Taken from History of Trumbull and Mahoning Counties, Vol. 2
written by Williams (H.Z.) & Bro., Cleveland, Ohio Published 1882
AN EARLY DEBATING SOCIETY
The best evidence we have that the pioneers of this township were zealous friends of education, is the knowledge that schools were established almost as soon as there were settlers enough to support them. Her we wish to introduce another fact which clearly indicates the characteristic desire for self-improvement possessed by the youth and men of those times.
A debating society which met evenings at the house of John Struthers, and probably at the houses of other members, was in existence in 1803. The names of those who organized it were John Struthers, Thomas Struthers, Alexander Struthers, Robert McCombs, William McCombs, Samuel Wilkinson, William Campbell, James Adair, William Adiar, and John Blackburn. Similar societies were kept up for some years, and during the long winter evenings that sturdy boys and gray-haired men discussed questions of greater or less importance. These meetings were a source of pleasure to all the members, and doubtless many a young man gained skill and practice in the art of debate as well as some knowledge of parliamentary rules which enabled him in future years to preside at public meetings with ease and dignity -- an acquirement which is of no little value to any citizen. The old-fashioned debating society was an educator which imparted valuable instruction to many young men.
The Mahoning Valley has long been famous as a great center in the iron and steel industry. At this time, the valley from Leavittsburg to Lowellville, a distance of about twenty-five miles, is lined along its entire course with a succession of blast furnaces, steel plants, rolling mills and the tube mills, so that villages and cities are joined together with scarcely an open space to make a great metropolitan district. The history of this development is one of the most important subject with which this history is concerned. The time has now arrived to narrate the humble beginnings from which this enormous industry grew.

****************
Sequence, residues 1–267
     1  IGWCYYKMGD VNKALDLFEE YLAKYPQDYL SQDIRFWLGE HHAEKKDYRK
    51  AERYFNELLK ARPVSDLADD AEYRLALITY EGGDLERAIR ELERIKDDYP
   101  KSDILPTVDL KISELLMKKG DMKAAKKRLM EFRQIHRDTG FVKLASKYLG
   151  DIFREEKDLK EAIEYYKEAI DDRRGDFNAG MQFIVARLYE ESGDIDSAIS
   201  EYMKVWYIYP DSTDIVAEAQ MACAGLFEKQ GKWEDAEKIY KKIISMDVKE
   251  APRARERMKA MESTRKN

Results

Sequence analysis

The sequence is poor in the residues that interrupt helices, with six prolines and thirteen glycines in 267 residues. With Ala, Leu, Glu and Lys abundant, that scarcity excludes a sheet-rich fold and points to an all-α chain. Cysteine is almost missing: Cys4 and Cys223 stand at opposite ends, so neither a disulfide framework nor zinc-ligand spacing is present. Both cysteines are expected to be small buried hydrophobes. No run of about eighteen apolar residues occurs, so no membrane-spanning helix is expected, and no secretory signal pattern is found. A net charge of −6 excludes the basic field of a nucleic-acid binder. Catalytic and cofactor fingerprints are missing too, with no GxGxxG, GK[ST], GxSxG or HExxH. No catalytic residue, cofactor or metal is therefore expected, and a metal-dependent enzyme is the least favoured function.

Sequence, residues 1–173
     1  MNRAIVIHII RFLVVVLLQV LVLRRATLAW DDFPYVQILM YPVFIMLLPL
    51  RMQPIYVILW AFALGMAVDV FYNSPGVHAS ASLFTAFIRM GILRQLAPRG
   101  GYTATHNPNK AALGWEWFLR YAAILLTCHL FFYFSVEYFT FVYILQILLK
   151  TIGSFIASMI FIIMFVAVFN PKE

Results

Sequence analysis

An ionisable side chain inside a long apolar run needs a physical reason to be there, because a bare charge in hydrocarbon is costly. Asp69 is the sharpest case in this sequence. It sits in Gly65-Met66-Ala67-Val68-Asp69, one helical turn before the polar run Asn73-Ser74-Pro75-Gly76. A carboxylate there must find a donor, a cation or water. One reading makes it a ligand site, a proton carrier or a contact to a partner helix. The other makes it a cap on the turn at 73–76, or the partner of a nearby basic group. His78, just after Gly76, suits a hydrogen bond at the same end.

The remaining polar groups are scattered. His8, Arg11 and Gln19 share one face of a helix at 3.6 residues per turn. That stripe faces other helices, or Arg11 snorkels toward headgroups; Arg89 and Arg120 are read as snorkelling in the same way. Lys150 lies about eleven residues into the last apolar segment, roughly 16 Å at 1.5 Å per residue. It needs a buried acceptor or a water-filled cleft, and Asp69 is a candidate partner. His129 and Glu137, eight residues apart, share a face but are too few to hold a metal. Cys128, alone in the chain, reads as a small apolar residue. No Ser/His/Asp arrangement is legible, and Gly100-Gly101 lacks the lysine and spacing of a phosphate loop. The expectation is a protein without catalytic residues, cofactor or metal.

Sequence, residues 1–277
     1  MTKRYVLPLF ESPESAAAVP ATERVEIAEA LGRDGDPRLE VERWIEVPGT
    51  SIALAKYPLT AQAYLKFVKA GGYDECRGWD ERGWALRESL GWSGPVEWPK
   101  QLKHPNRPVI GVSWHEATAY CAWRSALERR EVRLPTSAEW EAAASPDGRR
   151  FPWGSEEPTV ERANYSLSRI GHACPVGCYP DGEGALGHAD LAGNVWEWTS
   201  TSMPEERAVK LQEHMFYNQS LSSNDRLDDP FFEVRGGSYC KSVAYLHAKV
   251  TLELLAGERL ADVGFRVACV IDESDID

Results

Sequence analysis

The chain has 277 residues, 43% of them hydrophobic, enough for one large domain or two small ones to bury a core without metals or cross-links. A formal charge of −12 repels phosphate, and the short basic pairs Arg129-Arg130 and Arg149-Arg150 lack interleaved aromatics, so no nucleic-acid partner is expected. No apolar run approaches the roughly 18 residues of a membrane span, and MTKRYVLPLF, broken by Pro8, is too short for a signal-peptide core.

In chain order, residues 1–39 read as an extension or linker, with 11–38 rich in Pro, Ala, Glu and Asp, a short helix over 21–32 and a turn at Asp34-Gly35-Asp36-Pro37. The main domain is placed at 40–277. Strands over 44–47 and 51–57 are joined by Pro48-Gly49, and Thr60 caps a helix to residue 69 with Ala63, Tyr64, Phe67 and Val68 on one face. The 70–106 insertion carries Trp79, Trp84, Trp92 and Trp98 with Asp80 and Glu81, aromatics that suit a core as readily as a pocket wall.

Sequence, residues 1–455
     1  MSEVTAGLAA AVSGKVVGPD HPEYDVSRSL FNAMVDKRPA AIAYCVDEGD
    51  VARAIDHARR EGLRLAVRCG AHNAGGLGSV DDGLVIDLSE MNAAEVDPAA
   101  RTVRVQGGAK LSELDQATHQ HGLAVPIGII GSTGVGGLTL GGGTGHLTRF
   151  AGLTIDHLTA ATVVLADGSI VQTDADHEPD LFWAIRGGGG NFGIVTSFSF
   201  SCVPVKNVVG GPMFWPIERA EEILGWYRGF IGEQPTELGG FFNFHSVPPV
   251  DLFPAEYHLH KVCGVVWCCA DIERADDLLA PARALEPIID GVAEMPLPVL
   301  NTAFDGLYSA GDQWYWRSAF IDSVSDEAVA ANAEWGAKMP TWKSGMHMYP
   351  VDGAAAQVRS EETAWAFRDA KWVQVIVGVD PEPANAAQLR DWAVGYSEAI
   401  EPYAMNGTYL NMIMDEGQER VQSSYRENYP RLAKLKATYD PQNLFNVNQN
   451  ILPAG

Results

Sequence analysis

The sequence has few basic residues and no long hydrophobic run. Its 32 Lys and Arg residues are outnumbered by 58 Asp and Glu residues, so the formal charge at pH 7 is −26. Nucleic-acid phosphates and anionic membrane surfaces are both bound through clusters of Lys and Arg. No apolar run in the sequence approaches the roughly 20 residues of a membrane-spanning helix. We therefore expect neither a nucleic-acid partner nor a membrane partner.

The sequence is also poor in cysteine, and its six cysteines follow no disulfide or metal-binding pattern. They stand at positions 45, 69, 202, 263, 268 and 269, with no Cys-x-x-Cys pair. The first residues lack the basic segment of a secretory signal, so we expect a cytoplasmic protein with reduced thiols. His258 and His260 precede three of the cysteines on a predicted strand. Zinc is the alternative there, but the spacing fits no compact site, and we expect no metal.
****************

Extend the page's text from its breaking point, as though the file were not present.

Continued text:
To the writer, whose boyhood days were spent almost under the shadow of a blast furnace stack, and whose boyhood playground was the hollow where the first two furnaces were built, the story of iron making has always been of most romantic interest Some portion of this romance he will endeavor to transfer to these pages. The name of Dan Easton, the pioneer iron manufacturer, has nearly been forgotten, yet it should be commemorated, as that of one who started great things. Alas, poverty, neglect and misfortune were his portion, as it has happened to so many pioneers.